Other mammals besides man are at risk: horses, three species of bat, a racoon and an eastern chipmunk have all tested positive for the virus, McLean said.

Findings from a study conducted on human central nervous system cells suggest that the antiviral drug ribavirin may be an effective treatment for people suffering severely from West Nile encephalitis. Lipkin and a research team from the UCI and ICN Pharmaceuticals found that high doses of ribavirin inhibited West Nile virus replication and cytopathogenicity in human neural cells in vitro. Doses of the drug did not appear to cause any damage in cells not infected with West Nile virus indicating that treatment may produce few side effects in the central nervous system.

"To our knowledge this is the first drug to have specific activity against the West Nile virus," Lipkin said. "The results are encouraging and suggest that it may be possible to prevent deaths and illness from West Nile virus encephalitis." He cautioned that ribavirin has never been used on West Nile virus infections and has been known to produce some side effects, particularly anemia when used in high doses in other disease treatments. Therefore, physicians should monitor ribavarin treatments very closely.

Another mosquito-borne disease, dengue fever, is emerging as a major public health problem in south Texas and Florida, according to Cortez-Flores. "Although nearly eradicated in the 1960s, the Aedes aegypti mosquitoes that carry the disease are now present in abundant numbers in the Americas and the Caribbean and are present year round in the southernmost areas of Texas," he said. The increased disease incidence, combined with increased frequency of epidemic dengue cause by multiple virus serotypes, has increased the risk of epidemic dengue haemorrhagic fever, one of the leading causes of hospitalisation and death among children in Southeast Asia. "Although dengue fever is not endemic in the United States, imported cases in US residents returning from travel to endemic areas are diagnosed each year, and additional cases are probably undetected," Cortex-Flores reported. Other factors responsible for such increases include a greater than usual number of tropical storms and increasing urbanisation. "The mosquito is a highly domesticated urban species vector and is adapted to living with humans," Cortez-Flores noted.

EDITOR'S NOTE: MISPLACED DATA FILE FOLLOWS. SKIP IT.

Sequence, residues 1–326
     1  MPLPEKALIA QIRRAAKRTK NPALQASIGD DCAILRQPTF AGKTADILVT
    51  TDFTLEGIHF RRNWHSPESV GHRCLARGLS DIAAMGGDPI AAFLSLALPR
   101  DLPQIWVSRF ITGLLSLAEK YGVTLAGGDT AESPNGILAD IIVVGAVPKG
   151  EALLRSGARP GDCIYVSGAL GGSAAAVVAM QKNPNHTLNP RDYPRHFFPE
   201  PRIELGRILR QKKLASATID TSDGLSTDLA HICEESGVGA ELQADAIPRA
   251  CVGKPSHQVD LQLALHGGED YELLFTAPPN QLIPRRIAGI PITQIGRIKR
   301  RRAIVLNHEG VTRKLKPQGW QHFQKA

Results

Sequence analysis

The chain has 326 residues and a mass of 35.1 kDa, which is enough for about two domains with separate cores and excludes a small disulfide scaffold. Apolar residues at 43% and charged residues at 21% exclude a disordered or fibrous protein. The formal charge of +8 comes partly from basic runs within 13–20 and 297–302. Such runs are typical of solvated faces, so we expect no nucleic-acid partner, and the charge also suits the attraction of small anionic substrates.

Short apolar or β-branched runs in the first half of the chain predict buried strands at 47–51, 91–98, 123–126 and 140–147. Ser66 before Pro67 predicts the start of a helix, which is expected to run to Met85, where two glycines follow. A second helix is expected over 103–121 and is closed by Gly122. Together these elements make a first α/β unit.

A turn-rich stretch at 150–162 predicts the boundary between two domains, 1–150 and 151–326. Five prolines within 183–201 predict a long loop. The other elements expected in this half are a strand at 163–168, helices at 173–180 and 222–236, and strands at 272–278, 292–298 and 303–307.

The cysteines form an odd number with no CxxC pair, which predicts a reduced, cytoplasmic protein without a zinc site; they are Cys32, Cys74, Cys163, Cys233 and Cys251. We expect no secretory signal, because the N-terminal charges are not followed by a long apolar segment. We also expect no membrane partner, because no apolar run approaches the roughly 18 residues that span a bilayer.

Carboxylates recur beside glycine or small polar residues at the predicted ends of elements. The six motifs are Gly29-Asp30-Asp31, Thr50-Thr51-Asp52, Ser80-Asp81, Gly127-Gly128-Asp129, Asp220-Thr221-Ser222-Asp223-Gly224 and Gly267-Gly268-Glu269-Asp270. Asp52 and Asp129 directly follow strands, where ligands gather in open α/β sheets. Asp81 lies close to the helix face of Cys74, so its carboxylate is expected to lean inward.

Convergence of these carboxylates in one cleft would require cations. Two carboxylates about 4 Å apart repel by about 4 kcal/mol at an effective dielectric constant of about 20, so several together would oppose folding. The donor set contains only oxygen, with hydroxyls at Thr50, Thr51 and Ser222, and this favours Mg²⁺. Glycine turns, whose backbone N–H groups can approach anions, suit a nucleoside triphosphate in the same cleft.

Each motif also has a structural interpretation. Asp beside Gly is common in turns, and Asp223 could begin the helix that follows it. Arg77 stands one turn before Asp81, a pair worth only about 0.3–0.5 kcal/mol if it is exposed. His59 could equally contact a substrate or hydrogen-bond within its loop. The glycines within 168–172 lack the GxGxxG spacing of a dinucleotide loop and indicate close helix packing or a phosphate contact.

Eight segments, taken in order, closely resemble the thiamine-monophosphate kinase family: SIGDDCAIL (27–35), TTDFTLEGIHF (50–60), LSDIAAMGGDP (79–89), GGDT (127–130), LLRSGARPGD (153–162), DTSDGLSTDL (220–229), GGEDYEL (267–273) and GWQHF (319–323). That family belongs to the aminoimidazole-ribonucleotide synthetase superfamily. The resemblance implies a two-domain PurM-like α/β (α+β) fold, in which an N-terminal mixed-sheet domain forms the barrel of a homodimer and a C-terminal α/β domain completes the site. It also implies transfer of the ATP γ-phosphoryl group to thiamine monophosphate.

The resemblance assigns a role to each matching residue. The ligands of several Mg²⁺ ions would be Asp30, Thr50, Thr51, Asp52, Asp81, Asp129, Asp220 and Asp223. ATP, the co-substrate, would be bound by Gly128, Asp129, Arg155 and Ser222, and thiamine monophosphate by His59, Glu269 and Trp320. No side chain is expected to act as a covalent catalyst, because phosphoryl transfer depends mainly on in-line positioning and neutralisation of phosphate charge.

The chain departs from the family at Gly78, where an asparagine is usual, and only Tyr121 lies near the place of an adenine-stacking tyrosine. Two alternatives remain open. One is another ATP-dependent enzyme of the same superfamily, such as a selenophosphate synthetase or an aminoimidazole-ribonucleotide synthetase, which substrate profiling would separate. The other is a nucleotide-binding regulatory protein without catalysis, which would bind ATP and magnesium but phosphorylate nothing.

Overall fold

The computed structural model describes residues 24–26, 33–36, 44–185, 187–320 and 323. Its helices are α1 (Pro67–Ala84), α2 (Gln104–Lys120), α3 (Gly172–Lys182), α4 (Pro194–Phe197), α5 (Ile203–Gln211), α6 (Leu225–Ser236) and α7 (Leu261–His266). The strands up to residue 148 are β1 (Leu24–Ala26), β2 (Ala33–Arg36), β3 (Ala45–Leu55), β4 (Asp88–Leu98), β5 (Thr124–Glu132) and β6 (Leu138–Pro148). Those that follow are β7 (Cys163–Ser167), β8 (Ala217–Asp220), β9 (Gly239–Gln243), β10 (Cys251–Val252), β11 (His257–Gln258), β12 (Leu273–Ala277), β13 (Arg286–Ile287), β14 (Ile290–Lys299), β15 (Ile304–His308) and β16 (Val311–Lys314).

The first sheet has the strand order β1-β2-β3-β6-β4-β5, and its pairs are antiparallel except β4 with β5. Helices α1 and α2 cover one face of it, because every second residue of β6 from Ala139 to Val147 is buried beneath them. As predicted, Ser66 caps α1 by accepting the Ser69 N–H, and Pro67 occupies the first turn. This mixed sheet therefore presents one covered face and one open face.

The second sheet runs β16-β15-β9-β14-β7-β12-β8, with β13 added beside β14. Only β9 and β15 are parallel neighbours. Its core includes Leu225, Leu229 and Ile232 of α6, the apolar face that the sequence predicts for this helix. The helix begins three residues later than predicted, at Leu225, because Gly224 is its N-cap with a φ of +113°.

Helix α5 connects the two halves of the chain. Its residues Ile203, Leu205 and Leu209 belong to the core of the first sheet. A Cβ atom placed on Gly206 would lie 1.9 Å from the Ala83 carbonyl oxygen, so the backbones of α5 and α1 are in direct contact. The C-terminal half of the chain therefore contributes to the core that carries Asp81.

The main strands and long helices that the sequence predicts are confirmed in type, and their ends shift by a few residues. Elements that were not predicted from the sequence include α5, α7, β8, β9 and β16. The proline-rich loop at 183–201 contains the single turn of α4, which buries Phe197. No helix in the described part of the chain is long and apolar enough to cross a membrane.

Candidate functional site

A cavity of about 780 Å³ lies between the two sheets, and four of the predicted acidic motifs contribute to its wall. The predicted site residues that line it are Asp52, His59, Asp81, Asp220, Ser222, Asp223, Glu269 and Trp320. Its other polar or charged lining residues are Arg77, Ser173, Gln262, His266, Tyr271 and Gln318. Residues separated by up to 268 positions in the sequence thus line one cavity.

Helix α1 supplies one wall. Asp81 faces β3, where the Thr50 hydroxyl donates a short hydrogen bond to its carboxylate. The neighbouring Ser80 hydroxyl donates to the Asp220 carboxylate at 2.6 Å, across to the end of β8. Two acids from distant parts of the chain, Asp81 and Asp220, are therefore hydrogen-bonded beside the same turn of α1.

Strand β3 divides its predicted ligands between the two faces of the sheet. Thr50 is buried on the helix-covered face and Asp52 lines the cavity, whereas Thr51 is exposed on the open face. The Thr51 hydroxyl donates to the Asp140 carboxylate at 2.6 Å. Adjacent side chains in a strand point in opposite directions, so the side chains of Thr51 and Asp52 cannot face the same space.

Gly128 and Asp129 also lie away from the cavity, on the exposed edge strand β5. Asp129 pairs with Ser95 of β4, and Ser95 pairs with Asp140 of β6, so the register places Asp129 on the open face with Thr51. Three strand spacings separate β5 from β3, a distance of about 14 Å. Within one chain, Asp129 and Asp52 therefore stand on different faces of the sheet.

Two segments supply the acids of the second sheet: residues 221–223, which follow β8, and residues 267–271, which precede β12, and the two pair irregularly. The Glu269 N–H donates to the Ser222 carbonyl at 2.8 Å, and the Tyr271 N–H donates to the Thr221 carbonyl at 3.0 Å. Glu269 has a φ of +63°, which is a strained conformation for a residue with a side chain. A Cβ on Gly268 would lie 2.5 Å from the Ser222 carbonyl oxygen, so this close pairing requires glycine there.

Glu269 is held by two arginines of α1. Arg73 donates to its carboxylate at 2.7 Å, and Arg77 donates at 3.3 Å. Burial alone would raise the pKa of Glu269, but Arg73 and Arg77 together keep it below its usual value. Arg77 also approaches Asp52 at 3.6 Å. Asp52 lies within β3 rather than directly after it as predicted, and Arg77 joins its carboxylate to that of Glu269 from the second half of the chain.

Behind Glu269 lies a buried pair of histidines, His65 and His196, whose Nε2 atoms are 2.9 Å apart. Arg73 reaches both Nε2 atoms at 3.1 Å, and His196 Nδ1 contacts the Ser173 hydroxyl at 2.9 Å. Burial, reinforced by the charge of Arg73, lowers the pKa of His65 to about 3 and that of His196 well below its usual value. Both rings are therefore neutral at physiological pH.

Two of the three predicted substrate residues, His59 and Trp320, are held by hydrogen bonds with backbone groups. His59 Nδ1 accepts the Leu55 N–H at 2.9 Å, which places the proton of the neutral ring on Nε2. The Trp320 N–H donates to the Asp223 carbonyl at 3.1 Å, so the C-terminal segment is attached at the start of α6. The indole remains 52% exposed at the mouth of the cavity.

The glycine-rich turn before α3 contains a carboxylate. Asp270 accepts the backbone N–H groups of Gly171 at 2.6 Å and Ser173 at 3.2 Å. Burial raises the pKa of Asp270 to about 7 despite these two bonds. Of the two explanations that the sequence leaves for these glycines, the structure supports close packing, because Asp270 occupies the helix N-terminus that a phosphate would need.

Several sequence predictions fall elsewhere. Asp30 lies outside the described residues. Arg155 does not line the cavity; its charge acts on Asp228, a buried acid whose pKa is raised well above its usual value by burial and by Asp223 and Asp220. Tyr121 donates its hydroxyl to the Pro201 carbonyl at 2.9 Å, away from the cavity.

Dengue fever is an acute viral illness with severe flu-like symptoms often accompanied by a rash on the feet or legs beginning three to four days after onset of fever. More severe forms are dengue haemorrhagic fever and dengue shock syndrome. The fatality rate for persons with untreated dengue haemorrhagic fever can be as high as 50%. Vascular collapse and hemoconcentration may require vigorous fluid replacement with a crystalloid solution such as lactated Ringer's, but over-hydration must be avoided.

Since 1993, Aventis Pasteur researchers have been developing an attenuated tetravalent dengue vaccine. T-cell assays suggest priming to all the dengue viruses among the tetravalent vaccine recipients. Clinical studies of various tetravalent dengue vaccines are in progress in Thailand.